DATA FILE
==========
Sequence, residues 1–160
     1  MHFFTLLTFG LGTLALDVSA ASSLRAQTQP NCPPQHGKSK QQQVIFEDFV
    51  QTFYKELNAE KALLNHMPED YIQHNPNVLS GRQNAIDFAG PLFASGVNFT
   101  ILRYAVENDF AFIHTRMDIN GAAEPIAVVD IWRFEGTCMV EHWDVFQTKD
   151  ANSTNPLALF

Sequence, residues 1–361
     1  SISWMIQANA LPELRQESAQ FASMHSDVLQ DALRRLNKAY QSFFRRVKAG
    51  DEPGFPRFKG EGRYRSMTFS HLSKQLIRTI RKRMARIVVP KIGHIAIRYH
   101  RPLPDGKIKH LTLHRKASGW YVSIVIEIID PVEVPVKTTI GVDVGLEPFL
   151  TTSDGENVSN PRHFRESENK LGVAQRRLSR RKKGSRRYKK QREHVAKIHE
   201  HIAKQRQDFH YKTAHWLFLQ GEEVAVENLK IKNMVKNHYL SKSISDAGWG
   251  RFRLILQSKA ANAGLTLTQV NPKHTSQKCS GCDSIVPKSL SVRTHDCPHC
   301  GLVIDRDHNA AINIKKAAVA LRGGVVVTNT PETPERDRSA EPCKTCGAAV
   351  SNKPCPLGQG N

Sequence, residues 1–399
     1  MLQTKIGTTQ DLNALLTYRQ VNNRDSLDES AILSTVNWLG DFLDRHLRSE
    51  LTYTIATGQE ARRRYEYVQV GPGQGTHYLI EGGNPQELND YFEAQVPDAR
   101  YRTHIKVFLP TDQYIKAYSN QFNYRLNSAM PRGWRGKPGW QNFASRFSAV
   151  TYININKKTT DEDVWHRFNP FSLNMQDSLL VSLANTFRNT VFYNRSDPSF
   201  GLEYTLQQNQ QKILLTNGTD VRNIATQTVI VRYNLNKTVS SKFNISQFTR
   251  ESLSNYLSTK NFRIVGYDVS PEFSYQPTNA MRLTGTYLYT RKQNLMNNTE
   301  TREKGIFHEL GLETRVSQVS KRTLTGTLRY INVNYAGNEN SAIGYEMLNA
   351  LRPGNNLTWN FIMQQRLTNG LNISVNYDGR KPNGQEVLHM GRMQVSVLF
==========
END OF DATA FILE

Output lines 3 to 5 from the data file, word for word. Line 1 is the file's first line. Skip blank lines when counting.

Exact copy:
    51  QTFYKELNAE KALLNHMPED YIQHNPNVLS GRQNAIDFAG PLFASGVNFT
   101  ILRYAVENDF AFIHTRMDIN GAAEPIAVVD IWRFEGTCMV EHWDVFQTKD
   151  ANSTNPLALF